U.S. Pat. No. 4,109,737 to Bovenkerk discloses, in pertinent part, the use of pin- or stud-shaped cutting elements on drag bits, the pins including a layer of polycrystalline diamond on their free ends, the outer surface of the diamond being configured as cylinders, hemispheres or hemisphere approximations formed of frustoconical flats.
U.S. Pat. Re 32,036 to Dennis discloses the use of a beveled cutting edge on a disc-shaped, stud-mounted PDC cutting element used on a rotary drag bit.
U.S. Pat. No. 4,987,800 to Gasan et al. references the aforementioned Dennis reissue patent and offers several alternative edge treatments of PDC cutting elements, including grooves, slots and pluralities of adjacent apertures, all of which purportedly inhibit spalling of the superabrasive PDC layer beyond the boundary defined by the groove, slot or row of apertures adjacent the cutting edge.
U.S. Pat. No. 5,016,718 to Tandberg discloses the use of planar PDC cutting elements employing an axially and radially outer edge having a “visible” radius, such a feature purportedly improving the “mechanical strength” of the element.
U.S. Pat. No. 5,437,343 to Cooley et al., assigned to the assignee of the present invention and the disclosure of which is incorporated herein by reference, discloses cutting elements with diamond tables having a peripheral cutting edge defined by a multiple chamfer. Two adjacent chamfers (Cooley et al., FIG. 3) or three adjacent chamfers (Cooley et al., FIG. 5) are disclosed. The use of both two and three mutually adjacent chamfers was found to produce robust cutting edges which still afforded good drilling efficiency. It was found that a three-chamfer geometry, which more closely approximates a radius at the cutting edge than does a two-chamfer geometry, may be desirable from a durability standpoint. Unfortunately, it was also determined that grinding three chamfers takes additional time and requires precise alignment of the cutting edge and grinding tool to provide a consistent cross-sectional configuration along the cutting edge.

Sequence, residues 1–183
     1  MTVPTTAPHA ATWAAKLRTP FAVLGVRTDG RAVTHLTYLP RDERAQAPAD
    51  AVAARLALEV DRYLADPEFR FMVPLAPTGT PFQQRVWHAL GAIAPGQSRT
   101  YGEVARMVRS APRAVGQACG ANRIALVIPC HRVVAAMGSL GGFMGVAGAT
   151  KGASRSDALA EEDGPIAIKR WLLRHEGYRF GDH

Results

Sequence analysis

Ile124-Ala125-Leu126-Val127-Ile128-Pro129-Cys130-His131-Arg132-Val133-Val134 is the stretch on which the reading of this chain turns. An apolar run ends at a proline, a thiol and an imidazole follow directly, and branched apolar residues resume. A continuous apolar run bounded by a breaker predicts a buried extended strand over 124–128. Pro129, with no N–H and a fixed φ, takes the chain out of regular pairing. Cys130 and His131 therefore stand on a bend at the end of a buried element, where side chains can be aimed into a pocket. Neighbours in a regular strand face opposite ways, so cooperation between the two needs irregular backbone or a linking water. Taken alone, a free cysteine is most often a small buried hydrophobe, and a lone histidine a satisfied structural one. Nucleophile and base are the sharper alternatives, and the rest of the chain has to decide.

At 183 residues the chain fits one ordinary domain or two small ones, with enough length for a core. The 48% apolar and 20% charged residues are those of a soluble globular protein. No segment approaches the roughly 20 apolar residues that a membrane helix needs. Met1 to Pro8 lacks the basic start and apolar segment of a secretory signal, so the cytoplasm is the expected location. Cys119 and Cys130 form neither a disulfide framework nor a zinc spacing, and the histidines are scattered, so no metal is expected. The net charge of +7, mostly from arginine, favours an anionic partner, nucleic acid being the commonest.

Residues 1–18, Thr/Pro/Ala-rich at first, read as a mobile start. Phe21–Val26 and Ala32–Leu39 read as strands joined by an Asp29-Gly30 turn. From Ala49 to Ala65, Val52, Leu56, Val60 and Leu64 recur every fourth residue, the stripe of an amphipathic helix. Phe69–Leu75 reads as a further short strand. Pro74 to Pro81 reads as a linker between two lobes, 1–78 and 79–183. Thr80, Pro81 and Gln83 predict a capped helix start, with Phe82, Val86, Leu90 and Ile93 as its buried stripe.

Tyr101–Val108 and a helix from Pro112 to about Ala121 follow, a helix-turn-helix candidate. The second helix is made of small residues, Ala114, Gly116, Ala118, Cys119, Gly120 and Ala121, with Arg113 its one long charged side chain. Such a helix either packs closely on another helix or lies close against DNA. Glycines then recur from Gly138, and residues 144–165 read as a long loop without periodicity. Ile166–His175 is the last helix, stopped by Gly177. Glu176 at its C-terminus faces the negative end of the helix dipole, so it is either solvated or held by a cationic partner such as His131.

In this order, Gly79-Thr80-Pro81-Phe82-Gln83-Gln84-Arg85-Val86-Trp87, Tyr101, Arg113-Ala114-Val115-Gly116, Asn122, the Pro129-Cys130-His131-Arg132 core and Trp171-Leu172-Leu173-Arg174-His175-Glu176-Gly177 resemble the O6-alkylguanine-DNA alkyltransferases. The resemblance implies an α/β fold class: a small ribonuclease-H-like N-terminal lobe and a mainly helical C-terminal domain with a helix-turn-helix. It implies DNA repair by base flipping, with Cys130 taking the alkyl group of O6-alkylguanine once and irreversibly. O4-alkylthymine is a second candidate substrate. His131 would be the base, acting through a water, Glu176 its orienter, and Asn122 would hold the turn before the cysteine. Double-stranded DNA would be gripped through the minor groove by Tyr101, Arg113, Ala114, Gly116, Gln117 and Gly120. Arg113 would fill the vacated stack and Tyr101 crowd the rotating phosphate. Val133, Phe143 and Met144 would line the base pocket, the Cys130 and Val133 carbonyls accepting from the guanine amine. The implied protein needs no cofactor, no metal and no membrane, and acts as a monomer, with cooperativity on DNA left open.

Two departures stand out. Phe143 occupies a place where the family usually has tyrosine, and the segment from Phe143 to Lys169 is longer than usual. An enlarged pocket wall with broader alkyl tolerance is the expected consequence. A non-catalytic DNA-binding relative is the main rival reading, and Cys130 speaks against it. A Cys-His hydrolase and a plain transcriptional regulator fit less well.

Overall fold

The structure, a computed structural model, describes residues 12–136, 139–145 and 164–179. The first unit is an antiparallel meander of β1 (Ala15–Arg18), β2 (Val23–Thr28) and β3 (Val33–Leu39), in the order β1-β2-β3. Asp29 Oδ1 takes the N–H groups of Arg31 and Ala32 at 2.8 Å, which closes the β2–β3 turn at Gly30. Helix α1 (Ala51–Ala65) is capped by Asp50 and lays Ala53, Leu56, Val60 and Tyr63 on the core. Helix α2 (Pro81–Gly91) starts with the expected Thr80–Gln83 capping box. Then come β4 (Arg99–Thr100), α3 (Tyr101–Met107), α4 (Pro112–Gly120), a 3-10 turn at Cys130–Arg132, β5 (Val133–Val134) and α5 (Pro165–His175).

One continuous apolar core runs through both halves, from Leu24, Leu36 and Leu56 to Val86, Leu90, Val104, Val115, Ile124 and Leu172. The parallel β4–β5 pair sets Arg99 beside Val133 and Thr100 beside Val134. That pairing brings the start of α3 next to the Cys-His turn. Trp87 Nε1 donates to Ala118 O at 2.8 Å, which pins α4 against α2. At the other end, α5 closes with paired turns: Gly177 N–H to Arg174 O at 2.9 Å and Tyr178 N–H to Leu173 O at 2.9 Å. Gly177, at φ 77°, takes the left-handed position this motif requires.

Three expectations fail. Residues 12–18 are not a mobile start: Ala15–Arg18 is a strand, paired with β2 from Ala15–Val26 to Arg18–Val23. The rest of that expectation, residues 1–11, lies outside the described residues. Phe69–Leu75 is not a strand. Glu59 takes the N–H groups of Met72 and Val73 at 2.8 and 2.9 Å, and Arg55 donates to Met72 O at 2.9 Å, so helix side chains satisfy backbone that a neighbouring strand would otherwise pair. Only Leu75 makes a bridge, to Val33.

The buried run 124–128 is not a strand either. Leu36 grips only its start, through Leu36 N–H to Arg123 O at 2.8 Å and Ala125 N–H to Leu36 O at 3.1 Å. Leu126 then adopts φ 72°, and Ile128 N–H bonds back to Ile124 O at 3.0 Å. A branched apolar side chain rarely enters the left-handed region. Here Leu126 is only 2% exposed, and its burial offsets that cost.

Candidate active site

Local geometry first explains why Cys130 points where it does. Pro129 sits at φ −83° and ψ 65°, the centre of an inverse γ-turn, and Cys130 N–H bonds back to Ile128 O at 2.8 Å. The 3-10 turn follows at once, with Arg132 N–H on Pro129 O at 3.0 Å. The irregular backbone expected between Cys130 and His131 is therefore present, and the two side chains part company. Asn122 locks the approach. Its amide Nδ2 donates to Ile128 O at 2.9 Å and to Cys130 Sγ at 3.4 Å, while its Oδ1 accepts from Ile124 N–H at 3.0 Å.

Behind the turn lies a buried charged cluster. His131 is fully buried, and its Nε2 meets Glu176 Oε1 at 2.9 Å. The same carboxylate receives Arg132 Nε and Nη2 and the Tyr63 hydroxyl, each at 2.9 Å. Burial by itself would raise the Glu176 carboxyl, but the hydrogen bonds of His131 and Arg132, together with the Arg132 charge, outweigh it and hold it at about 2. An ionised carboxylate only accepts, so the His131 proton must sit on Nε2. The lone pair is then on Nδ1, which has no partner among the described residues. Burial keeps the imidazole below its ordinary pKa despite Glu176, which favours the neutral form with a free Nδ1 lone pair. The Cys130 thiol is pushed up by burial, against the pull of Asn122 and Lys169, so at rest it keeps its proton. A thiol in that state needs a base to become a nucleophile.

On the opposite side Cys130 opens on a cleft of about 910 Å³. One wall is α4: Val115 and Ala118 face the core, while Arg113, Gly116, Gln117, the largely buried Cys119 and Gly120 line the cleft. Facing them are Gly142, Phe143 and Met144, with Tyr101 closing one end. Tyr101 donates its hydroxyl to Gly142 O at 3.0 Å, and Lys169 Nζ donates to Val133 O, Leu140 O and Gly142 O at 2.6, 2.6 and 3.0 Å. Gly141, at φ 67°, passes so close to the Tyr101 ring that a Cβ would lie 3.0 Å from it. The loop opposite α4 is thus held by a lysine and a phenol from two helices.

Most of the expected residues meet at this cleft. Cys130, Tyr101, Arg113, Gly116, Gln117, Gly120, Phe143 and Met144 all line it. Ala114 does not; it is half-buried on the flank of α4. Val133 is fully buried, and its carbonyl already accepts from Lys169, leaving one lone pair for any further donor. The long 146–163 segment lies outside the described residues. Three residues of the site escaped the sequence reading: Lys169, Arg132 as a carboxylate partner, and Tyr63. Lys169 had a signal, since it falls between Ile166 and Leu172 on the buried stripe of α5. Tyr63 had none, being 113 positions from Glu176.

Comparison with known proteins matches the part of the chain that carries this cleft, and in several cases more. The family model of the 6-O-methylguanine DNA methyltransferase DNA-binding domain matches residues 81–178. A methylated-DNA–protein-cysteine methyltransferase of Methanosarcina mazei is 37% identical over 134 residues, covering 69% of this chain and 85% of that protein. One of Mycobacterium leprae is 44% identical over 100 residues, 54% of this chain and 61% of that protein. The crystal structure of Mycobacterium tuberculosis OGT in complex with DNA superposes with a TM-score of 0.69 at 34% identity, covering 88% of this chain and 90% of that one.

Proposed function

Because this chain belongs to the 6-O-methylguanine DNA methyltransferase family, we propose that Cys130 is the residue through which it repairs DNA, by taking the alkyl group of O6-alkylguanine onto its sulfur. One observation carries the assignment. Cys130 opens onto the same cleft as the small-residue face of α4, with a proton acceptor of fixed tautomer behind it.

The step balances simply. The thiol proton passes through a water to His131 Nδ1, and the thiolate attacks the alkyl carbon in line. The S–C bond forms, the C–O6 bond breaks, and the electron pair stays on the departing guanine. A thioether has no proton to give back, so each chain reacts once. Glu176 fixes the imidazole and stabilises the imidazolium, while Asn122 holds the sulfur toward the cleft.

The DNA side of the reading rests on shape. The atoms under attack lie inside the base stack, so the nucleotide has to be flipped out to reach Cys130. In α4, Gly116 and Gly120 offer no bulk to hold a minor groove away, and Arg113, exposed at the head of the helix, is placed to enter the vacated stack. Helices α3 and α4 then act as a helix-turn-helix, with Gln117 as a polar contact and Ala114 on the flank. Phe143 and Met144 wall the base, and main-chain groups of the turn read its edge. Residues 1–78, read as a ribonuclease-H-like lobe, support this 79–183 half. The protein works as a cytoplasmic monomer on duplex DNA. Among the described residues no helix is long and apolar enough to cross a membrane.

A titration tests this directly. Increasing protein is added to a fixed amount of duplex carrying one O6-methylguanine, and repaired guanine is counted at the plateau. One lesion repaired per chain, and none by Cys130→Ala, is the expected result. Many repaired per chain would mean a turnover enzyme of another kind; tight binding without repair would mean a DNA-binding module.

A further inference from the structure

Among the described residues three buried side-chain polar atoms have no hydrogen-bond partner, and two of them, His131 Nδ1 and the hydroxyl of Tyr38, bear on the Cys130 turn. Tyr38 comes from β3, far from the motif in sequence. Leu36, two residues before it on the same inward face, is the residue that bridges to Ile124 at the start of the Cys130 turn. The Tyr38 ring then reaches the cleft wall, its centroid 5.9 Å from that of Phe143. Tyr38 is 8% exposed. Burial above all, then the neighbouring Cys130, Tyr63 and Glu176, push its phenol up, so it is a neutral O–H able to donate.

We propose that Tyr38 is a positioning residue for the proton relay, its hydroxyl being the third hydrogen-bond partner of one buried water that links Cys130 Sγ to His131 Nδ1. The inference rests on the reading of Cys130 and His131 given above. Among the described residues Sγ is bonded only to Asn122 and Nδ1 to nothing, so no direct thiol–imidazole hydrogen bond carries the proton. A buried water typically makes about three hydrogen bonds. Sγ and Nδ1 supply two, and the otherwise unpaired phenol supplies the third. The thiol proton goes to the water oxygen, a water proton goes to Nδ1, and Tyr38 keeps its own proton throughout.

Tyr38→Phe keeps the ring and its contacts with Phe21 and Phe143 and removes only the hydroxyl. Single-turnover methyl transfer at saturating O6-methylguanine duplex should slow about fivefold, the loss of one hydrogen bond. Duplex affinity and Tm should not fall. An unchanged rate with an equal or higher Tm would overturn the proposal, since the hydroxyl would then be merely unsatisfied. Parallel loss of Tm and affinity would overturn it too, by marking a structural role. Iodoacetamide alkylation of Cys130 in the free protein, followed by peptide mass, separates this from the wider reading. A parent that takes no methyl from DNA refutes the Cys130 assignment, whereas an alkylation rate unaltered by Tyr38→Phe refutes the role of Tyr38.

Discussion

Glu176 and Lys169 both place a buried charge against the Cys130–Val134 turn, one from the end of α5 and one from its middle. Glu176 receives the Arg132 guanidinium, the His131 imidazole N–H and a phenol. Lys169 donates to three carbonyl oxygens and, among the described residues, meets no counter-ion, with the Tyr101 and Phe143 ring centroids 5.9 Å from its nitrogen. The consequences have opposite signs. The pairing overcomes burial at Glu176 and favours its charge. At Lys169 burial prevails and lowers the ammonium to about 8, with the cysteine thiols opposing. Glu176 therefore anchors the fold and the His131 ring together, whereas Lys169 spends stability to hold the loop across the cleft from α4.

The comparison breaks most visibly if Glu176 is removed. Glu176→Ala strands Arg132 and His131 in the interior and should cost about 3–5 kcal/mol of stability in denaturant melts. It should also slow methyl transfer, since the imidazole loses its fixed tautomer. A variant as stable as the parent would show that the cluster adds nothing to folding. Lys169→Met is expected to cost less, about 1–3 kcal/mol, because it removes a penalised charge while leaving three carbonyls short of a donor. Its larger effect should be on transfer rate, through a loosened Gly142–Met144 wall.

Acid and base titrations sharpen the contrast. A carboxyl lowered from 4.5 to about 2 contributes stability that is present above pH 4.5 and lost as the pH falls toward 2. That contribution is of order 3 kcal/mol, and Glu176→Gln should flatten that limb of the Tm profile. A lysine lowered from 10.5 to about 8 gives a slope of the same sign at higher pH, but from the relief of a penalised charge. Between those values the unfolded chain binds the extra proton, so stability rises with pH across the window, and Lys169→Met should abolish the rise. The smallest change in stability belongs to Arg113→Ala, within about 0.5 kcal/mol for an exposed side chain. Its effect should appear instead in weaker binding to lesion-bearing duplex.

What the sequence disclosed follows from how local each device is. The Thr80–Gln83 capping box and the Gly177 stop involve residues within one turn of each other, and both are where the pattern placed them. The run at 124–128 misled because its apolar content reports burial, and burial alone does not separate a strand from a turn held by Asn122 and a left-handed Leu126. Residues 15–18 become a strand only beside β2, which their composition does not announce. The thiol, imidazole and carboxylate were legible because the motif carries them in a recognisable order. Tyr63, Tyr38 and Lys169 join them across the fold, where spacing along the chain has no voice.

In summary, it has been demonstrated that if the initial chipping of the diamond table cutting edge can be eliminated, the life of a cutter can be significantly increased. Modification of the cutting edge geometry was perceived to be a promising approach to reduce chipping, but has yet to realize its full potential in conventional configurations.
The present invention provides an improved cutting edge geometry for superabrasive cutting elements comprising multiple adjacent chamfers with an arcuate surface interposed therebetween. Such a configuration or geometry provides excellent fracture resistance combined with cutting efficiency generally comparable to conventional (straight chamfered) cutting elements and with improved durability at a given cutting efficiency.